If you read the New Yorker with any regularity–or even just a couple of times a year–you’ve probably read one of John McPhee’s articles. If you’re like me–with a wide range of interests, endless fascination with any damn thing, and a total sucker for a well-constructed narrative–then you’ve probably read most of John McPhee’s books and buy new ones as they come out.
McPhee has been a staff writer at the New Yorker since 1965 and has published, at last count, 31 books. His writing is lively, personal, highly readable (whatever that means) while also being immaculately structured and deftly crafted. The subjects of his books range widely, and include geology, farmer’s markets, the merchant marine, wilderness living in Alaska, Mississippi River infrastructure, freight transportation, basketball, oranges, lacrosse, traditional bark canoes, oranges, and shad. One always learns something new when reading McPhee. Always.
McPhee represents the best of journalism, the best of storytelling, and the best of the craft of writing.
Henri Vaillancourt makes birch-bark canoes with the same tools and methods that the Native Americans used. He travels through the woods of New Hampshire and Maine searching for the materials of his craft–cedar, hardwood, and birch bark–which he then meticulously and carefully builds into beautiful and practical craft made entirely of natural materials. McPhee intertwines the description of how Vaillancourt builds his canoes with the story of a 150-mile trip through the Maine wilderness with Vaillancourt in those very same canoes, and the history of bark canoes generally.
Coming into the Country is a story of Alaska, Alaskans, and living in Alaska, whether that means traveling in the wilderness, living in the bush, or living in one of Alaska’s cities and towns. McPhee weaves the stories of many different Alaskans and the way that they live together by overlaying a series of episodes that shift back and forth between multiple story lines. And while that might sound confusing or disorganized, McPhee’s orchestration melds them into an organic whole.
Giving Good Weight is the title of the lead story in this collection of five essays, which is the story of farmers selling their produce at the New York City Greenmarket. This collection also includes “The Atlantic Generating Station,” about a plan for the construction of floating nuclear power plants; “The Pinball Philosophy,” about a shoot-out between two pinball masters; “The Keel of Lake Dickey,” about a journey down a whitewater river endangered by a projected dam; and, “Brigade de Cuisine,” about a willfully anonymous, artistic, master chef who wants to cook wonderful things without becoming famous. The last essay is particularly interesting in light of the modern foodie culture of boutique restaurants, celebrity chefs, and other nonsense (even if chef “Otto” and his pastry chef wife “Anne” have almost certainly been outed).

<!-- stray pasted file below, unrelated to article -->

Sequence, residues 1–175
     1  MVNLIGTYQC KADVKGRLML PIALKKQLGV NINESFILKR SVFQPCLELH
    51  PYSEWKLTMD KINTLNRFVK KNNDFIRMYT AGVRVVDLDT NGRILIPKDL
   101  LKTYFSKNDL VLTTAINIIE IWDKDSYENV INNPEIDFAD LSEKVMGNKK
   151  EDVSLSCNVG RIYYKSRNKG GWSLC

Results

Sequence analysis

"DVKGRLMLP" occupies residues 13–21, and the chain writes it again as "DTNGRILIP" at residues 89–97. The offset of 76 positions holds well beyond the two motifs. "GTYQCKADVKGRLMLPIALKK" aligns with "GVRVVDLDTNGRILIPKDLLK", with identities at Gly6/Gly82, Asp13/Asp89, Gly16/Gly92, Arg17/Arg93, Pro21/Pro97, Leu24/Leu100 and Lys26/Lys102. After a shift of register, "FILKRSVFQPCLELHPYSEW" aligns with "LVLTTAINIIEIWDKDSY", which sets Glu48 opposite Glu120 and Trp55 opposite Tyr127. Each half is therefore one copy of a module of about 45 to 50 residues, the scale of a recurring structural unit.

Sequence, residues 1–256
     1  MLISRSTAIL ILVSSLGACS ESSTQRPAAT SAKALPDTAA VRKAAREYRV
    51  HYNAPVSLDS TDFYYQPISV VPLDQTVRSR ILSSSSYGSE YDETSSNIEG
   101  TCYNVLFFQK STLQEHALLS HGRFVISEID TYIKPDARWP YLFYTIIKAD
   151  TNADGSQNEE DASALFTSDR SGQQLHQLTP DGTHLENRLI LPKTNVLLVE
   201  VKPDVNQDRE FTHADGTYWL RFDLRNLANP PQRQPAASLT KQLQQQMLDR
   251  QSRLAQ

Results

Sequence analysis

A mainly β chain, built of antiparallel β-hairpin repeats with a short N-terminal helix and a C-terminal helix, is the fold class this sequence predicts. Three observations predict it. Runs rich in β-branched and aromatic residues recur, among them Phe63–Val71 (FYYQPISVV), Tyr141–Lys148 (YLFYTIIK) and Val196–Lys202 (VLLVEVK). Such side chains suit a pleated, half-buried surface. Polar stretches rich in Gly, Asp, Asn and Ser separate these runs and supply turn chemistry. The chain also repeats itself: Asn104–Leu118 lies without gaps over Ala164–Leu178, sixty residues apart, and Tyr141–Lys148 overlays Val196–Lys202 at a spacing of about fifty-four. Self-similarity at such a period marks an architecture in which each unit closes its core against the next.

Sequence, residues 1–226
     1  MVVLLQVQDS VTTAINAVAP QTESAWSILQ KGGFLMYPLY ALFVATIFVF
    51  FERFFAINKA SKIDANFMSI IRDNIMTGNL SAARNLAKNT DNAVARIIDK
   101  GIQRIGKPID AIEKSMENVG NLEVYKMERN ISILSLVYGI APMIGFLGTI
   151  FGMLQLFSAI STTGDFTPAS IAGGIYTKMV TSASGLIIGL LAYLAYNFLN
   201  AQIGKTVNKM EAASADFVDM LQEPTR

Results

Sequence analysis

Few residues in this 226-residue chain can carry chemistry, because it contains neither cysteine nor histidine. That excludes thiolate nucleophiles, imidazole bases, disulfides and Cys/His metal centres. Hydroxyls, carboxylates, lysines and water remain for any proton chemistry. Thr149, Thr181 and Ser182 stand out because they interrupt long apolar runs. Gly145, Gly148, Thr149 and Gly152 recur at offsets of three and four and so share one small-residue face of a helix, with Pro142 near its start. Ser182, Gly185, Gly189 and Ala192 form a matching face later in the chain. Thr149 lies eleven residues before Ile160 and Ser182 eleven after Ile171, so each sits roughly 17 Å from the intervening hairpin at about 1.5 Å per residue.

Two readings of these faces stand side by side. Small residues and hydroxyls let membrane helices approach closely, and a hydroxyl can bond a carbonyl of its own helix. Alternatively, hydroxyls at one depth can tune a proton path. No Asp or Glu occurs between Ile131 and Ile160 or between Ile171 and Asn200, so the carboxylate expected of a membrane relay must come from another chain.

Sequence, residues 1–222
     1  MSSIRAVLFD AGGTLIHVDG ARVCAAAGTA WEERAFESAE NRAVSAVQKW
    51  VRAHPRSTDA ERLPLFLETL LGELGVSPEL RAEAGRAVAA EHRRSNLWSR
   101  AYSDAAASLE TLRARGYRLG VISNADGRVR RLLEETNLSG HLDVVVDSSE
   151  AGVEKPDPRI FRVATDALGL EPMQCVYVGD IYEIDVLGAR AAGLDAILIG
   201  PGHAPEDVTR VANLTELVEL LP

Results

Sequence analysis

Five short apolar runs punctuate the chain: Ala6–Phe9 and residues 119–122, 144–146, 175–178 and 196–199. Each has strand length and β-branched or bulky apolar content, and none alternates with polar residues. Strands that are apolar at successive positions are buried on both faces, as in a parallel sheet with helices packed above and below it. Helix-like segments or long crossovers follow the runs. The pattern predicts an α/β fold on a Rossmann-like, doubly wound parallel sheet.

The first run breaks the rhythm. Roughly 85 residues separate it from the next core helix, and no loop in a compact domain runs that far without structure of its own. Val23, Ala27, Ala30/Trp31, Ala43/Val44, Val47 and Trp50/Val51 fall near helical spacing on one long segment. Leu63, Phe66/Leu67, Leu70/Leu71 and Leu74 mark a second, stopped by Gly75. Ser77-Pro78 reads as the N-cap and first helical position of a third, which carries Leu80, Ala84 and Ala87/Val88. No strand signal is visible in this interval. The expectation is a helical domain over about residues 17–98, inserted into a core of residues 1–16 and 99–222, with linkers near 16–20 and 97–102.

The Control of Nature is McPhee’s account of how people–and engineers in particular–battle nature with technology on a grand scale, whether it be the works of the Army Corps of Engineers on the Mississippi River, the attempt to save a harbor from flowing lava in Iceland, or building catchment basins in Los Angeles to catch debris flows from the San Gabriel Mountains.
In Looking for a Ship, McPhee joins a merchant mariner named Andy Chase in his search for a ship. Chase holds a license as a second mate, but is having a hard time finding a job. It’s the story of a shrinking merchant marine. It’s also the story of a voyage because Chase finds a ship, and McPhee goes along for the ride, during which, in the fine tradition of sailor’s yarns, we hear a great many other stories of other ships, other voyages, and other sailors.
Annals of the Former World is actually five books–Basin and Range, In Suspect Terrain, Rising from the Plains, Assembling California, and Crossing the Craton–about the geology of a cross-section of North America at the fortieth parallel. It’s both a primer of North American geology, the stories of the geologists with whom McPhee travels, and a meditation on geologic time. Magisterial doesn’t even begin to describe this book.
This is a book about the American Shad. It’s a combination of natural history, American history (the shad was a significant food fish in 17th and 18th century America), and the personal history of an obsessive catch-and-eat shad fisherman–and McPhee is certainly that. He gives us a bit of ichthyology, directions for making shad lures, and more than a couple recipes for the delectable preparation of the catch, as well as the place of shad in the making of the country. Because the American Shad is a fish of Atlantic rivers, it will come as something of a revelation to fishers from other parts of the country, as it was to me.
Uncommon Carriers is a pastiche of McPhee’s journeys with the people who carry our freight and the ways that they do it. He rides with trucker driving a chemical tanker hauling hazardous materials, ships on a barge-two on the Illinois River, attends a ship-handling school on a French pond, takes canoe trip through some northeastern canals, and rides a really, really long train. I credit this book with the freight geekery that helped land me my current job.
The Silk Parachute is McPhee’s latest collection of essays, published in 2010. It’s as wide-ranging and as well crafted as we’ve come to expect, but it’s also one of the most personal. Some of his children and grandchildren make appearances, and one piece is entirely about his photographer daughter Laura McPhee and her collaborative work with another photographer. But it’s the piece on lacrosse in America, published in the New Yorker in 2009, that’s the true centerpiece of this volume. Read it and find out what those kids are doing back behind the school with those funny looking sticks.